• Ian Cramer

5 Ingredients for successful health promotion

Updated: Oct 25, 2019

Over the years, I’ve identified some key factors that lead to successful health outcomes and behavior changes, whether they be micro health outcomes with the individual, or macro health outcomes within societies. This in no way is an exhaustive list, but I hope that these get the wheels turning and help you in your quest to become healthier and happier.

Support- This requires no definition. Support takes many forms, whether it’s a phone call between 2 friends, a Facebook group thread or an in person support group. It provides time to ask questions, tell stories and learn in palatable ways. Without supporting those who seek to change something as significant as their diet or lifestyle behaviors, it could lead to frustration, hopelessness and failure.

Respect- This is a big one that’s missing in many scenarios, especially within the realm of diet and lifestyle. Despite your nutritional philosophies, or total lack thereof, we all have to respect those philosophies as a part of who a person is at this point in time. It doesn’t mean you have to agree with it and it doesn’t mean that you should give up on this person if your mission is to help them. It just means that, in this context, they might not be ready to change, yet. Or they just may be influenced by a different philosophy. Lack of respect breeds hostility, anger, frustration and division. And division is not the way we progress our health as a nation. With respect, we can accept others, no matter their views and we are more willing to come together on topics that we all agree on.

Evidence- There are different levels of evidence. Most people are familiar with anecdotal stories within nutrition; stories from friends or celebrities that purport certain outcomes from certain behavioral changes. Is this evidence? Kinda. Is this evidence that should shape public policy? No. The level of evidence matters when forming nutritional philosophies that broad swaths of the population should be following. Not pointing to evidence or to poor collections of evidence leads to health behaviors may have detrimental health impacts in the short term or long term. Look for books and articles with citations, or better yet, read the citations or the literature for yourself.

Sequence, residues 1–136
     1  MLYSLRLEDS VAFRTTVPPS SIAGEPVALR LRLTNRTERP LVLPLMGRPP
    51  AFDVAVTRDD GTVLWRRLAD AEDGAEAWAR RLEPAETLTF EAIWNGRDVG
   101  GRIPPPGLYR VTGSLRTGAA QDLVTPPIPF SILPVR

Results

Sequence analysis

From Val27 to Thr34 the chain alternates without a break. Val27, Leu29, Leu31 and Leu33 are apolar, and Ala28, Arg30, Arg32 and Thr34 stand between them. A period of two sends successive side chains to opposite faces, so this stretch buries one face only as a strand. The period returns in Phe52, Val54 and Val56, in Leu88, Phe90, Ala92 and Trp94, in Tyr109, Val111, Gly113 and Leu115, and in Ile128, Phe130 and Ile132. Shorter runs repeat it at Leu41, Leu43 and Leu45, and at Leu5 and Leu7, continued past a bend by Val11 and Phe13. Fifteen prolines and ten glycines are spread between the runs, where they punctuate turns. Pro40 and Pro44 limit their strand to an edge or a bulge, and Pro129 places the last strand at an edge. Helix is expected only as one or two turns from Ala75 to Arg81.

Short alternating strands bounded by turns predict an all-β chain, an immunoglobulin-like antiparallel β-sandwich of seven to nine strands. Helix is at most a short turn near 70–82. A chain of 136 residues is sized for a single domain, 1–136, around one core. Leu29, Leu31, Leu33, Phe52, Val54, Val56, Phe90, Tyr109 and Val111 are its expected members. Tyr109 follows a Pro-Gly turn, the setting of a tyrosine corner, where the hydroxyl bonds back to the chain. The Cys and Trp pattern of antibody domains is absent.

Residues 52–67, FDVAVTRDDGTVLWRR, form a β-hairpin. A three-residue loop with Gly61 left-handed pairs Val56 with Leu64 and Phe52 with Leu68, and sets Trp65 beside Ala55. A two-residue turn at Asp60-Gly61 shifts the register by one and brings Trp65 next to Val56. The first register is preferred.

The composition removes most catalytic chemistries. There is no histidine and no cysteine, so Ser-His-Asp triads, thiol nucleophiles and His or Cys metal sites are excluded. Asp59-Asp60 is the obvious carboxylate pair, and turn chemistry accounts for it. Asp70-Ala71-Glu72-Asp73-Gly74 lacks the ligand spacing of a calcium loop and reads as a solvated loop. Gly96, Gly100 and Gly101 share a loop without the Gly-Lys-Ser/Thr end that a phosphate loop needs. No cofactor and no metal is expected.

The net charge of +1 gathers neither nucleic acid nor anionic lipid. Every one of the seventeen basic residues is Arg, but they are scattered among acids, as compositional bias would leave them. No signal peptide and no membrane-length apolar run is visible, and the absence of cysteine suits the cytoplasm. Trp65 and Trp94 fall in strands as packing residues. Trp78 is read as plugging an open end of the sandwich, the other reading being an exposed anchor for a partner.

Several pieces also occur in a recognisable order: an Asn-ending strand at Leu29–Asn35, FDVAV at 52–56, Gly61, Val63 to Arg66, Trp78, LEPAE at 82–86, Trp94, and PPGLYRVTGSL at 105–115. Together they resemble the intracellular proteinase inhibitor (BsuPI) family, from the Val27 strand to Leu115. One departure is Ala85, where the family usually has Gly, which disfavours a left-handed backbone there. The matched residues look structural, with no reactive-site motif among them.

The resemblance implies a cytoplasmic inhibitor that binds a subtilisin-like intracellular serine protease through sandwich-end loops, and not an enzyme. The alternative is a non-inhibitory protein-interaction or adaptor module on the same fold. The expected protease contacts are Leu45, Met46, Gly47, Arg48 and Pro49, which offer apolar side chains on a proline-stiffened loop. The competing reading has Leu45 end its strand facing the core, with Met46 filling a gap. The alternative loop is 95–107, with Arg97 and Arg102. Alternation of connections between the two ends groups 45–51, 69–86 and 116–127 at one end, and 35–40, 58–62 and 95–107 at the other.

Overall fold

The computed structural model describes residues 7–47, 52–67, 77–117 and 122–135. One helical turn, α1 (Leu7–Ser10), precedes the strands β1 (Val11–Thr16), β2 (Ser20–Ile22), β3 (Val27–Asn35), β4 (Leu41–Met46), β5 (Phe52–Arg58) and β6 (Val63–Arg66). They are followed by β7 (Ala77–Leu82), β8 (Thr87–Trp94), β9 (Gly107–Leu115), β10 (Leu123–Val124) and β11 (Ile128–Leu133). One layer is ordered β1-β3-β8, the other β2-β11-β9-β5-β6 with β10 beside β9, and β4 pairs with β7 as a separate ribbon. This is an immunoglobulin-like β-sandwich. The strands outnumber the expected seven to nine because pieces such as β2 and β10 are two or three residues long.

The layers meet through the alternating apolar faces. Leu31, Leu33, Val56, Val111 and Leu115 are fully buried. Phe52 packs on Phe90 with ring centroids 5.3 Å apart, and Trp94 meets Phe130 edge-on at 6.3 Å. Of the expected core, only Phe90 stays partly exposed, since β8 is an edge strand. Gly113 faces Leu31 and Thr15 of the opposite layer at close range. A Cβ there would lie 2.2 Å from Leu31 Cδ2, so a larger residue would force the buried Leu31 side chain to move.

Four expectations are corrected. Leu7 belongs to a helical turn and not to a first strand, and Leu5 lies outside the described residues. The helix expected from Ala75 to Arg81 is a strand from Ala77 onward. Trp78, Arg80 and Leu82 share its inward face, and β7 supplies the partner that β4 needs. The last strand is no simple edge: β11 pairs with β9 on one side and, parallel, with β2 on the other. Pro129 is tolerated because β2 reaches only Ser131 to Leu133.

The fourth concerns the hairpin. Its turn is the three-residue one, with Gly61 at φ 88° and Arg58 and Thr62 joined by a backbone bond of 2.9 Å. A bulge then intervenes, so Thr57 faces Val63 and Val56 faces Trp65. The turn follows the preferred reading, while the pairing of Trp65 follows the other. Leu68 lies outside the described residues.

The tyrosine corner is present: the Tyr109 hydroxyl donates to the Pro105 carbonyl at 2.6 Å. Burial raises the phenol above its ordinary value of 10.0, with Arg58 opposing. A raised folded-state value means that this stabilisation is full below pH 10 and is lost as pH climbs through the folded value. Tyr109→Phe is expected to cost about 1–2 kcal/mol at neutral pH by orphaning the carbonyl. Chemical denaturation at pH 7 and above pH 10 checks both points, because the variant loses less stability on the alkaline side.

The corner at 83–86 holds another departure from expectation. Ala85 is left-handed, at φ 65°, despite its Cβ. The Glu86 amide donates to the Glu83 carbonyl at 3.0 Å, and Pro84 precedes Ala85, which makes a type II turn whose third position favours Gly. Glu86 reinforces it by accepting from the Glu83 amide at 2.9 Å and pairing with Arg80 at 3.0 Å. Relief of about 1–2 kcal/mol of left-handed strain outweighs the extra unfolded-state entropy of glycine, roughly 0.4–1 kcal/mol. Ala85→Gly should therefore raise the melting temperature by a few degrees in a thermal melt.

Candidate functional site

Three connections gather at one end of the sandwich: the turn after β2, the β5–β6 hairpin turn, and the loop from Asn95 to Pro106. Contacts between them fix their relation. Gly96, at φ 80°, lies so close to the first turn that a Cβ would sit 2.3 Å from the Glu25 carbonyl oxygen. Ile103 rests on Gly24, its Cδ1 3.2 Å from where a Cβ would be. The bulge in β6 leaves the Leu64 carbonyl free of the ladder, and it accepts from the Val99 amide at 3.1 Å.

Critical thinking- Even if we are embarking on something brand new, and receiving support and respect from a group, it doesn’t absolve us from using critical thinking skills. Broad questions that you may ask yourself could be “Does this make sense”? “Am I believing every word as gospel”? Or “Does this align with basic laws of nature and my understanding of how the world works”? If something feels wrong in your gut, if your critical thinking mind kicks in and tells you to pause, that's healthy and that’s OK. That’s your cue to continue to learn, do more research and press the play button once your questions and concerns are sufficiently answered. If we fail to use our critical thinking skills, we could fall victim to those trying to hook us into buying a new pill, powder, supplement or trendy way of eating that wastes time, money and health. I must emphasize that especially within the realm of health and wellness, just because something sounds too good to be true, goes against your current beliefs or is a counter to the status-quo, does not make it wrong and does warrant immediate dismissal. It warrants a deeper dive into the evidence and understanding.

Open mindedness- There’s a lot in this world that I don’t understand; and I can say with 100% certainly the same applies to you. I don’t pretend to know everything, and when I admit that, it creates an environment and a mindset to be open minded and receptive to new information. That doesn’t mean we have to believe what we hear and accept every new piece of information as truth. It just means that we need to use our critical thinking and respectful mind to hear what the other person or side is saying, evaluate that and consider it as another piece of the giant puzzle.

Science, Medicine and nutrition is complex. A way that we’ve attempted to understand these fields is with reductionism. What’s the mechanism? What chemical is responsible for this action? What nutrient binds to this protein to cause this outcome? Although noble and valid, it’s not all that is necessary to form decisions as important and as multifactorial as what we eat and how we live. We need to take the mountain of reductionist data, combine it along with other forms of science and evidence, and combine those sources with various fields of study and various specialties. This task enables us to form a multidisciplinary, holistic view of how our diet and lifestyle habits change our short and long term health but also how those decisions shape and effect the world around us. We don’t live in a bubble, in a laboratory or a test tube. We live in an ever changing world and our collective, everyday decisions do play a significant role in our health and the health of the world we live in and share.




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